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Carn a'Chlamain - like wading through cotton wool

Carn a'Chlamain - like wading through cotton wool


Postby Delice » Mon Jan 19, 2015 11:52 am

Munros included on this walk: Càrn a' Chlamain

Date walked: 17/01/2015

Time taken: 9 hours

Distance: 28 km

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An 80% chance of cloud-free munros in the south eastern highlands, so where to go that ticks all the boxes – not done it, not too far and not too hard after 4 months of inactivity? I settled on Carn a’Chlamain, and luckily my friend Ben was up for it! [We’ll come back to ‘not too hard’ later!]
What is it with boys, vehicles and snow? We’d arrived at the car park for Glen Tilt just after 8 – the first car there - then wasted valuable daylight digging ourselves out of the snow before we even got togged up! I’d have parked in a space where someone else had obviously been and gone home again, but no, Ben heads straight for the virgin snow in an extravagant skidding turn and then ‘oh dear, we’re stuck’! Grrrr!
Anyway, we eventually set off just before half 8 with a clear sky, no wind, and the promise of a cracking day! Though we knew it would be long, the walk up Glen Tilt was a joy – trees, the sound and glimpses of rushing water, icicles, and birds singing. Beinn a Ghlo was looking majestic ahead of us.
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The track is obviously driven on a daily basis but I don’t know if that helped as the tyre tracks were pretty icy and the central bit churned up and rough. It was nice to pass the signs of habitation dotted along the route – some holiday cottages like Marble Lodge - empty just now but well cared for, and other working homes with smoke going up the chimney and dogs barking as we passed.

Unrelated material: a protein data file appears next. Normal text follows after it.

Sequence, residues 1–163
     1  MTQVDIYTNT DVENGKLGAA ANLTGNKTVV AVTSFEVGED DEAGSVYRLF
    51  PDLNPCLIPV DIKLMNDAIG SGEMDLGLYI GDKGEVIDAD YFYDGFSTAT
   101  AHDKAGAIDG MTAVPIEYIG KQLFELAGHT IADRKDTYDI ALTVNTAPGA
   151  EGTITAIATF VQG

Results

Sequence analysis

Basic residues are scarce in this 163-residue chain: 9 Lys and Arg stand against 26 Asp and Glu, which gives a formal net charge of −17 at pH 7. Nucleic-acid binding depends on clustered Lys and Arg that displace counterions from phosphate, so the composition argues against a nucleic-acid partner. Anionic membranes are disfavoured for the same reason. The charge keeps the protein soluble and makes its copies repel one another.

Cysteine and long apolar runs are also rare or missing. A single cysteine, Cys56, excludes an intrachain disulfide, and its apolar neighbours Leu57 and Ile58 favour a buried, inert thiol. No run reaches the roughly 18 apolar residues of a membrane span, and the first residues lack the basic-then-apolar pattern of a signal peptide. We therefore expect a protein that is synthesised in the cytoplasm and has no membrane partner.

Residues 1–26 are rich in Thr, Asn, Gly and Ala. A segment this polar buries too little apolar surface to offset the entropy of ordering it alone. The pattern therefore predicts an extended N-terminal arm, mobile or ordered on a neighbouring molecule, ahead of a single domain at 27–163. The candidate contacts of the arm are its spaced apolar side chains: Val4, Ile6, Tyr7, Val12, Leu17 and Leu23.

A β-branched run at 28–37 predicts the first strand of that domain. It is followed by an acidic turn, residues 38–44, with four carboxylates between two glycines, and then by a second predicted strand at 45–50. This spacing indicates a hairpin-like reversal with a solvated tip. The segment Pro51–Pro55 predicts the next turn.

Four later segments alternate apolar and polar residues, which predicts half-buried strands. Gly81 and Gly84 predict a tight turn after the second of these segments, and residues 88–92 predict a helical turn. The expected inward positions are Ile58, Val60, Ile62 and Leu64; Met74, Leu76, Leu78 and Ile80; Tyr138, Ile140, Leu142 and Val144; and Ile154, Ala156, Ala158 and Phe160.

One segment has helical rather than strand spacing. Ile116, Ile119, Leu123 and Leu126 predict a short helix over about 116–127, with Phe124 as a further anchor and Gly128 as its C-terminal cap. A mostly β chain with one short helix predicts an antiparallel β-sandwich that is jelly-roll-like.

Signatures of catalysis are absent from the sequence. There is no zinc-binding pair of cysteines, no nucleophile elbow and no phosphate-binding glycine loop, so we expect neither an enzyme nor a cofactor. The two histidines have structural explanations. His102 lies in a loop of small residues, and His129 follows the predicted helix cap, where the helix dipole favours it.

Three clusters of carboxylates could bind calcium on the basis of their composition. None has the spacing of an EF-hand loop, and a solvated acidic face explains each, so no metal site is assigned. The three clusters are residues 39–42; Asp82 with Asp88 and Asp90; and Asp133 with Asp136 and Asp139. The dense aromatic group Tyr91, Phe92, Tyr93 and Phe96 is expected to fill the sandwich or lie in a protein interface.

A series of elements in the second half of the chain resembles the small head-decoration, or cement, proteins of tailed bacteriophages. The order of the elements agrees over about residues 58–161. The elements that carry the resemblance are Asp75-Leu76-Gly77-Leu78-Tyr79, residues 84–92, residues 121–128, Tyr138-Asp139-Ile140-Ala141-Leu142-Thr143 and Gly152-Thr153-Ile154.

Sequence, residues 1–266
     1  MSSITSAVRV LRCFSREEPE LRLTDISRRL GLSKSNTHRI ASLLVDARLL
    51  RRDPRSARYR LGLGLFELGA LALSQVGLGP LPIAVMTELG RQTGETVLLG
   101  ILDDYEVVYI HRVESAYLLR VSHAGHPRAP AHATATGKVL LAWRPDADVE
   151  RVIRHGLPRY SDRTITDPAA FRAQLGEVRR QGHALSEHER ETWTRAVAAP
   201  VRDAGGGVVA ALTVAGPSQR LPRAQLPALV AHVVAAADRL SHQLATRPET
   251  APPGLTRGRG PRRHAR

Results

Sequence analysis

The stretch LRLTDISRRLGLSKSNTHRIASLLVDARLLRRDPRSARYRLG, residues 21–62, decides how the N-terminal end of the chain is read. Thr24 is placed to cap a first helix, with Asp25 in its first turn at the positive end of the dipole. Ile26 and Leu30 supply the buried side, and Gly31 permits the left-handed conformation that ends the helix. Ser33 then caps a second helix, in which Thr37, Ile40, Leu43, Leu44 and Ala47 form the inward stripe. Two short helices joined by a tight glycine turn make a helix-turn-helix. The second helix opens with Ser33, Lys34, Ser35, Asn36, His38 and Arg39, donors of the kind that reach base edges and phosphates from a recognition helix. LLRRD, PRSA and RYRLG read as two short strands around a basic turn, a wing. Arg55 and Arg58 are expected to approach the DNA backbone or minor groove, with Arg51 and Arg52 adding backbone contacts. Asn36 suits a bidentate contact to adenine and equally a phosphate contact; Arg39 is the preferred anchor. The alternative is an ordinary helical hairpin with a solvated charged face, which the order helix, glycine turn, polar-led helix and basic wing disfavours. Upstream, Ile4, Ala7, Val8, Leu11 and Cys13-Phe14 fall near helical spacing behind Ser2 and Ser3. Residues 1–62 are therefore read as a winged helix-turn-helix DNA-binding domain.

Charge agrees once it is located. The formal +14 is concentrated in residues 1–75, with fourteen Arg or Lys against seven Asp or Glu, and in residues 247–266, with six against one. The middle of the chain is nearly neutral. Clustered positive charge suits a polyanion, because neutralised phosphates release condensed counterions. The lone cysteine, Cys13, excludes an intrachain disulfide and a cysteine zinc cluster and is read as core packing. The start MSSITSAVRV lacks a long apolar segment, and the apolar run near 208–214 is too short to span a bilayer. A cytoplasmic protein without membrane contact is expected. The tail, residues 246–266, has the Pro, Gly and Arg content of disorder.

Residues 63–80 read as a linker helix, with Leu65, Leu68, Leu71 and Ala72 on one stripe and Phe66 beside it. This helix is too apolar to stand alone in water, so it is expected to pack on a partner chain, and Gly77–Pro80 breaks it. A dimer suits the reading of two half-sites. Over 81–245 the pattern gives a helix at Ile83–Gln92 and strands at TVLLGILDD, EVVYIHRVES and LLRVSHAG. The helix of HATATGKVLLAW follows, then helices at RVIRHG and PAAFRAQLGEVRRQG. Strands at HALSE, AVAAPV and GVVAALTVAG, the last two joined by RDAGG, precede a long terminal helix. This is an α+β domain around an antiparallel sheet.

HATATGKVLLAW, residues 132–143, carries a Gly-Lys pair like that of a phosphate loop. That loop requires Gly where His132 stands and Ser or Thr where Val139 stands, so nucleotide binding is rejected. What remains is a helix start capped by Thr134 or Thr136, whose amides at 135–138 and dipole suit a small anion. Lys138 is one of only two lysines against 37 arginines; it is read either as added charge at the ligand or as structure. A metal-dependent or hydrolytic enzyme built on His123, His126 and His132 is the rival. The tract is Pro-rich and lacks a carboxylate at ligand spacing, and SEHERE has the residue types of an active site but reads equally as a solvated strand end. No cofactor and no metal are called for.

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As we emerged from the trees into the open valley we spotted big herds of deer on every horizon, and we got a better view of the river.
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Ben has paddled the Tilt many times in his student days and enthused about its narrow gorges, rushing rapids, rock-worn pools, and wide calmer stretches. It looked pretty hairy to me, but I could imagine the adrenaline rush!
We walked up the glen as far as the small woodland at Forest Lodge. Pleased to see signs of life here too – a good 7 miles up the valley. A lovely setting to grow up but how remote! We said hello to some solid looking ponies in their winter jackets and left the track to head up the route of the stalker path that’s supposed to zig zag up the hillside. Quickly found there were no signs of it in the fresh snow, so we just headed pretty much straight up. Opposite, on the steep sides of Beinn a Ghlo, the silhouettes of trees and rocks were picked out against the snow like an etching. Beautiful.
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Leaving the shadow below it wasn’t long til we climbed into sunshine. Mediterranean blue skies above and the dazzling snow – it was straight on with the sunnies. The snow twinkled at us like a carpet of diamonds – gorgeous! But all looks and no substance – a wafer thin crust and then powder - straight through and up to the crotch! If you were lucky you’d get a couple of steps on top, then Crunch! Up to the crotch for the next ten! The deer stood by a little way off watching and probably laughing at us. Their tracks were everywhere – daintily picking their way across the surface. We tried to follow them, hoping they knew something about firmer ground, and sometimes we made it, but mostly not! I was feeling my energy sapping away.
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What I later found out was Ben was carrying about 35 lbs in his rucksack! Talk about women’s handbags! I’m joking, he was just well prepared.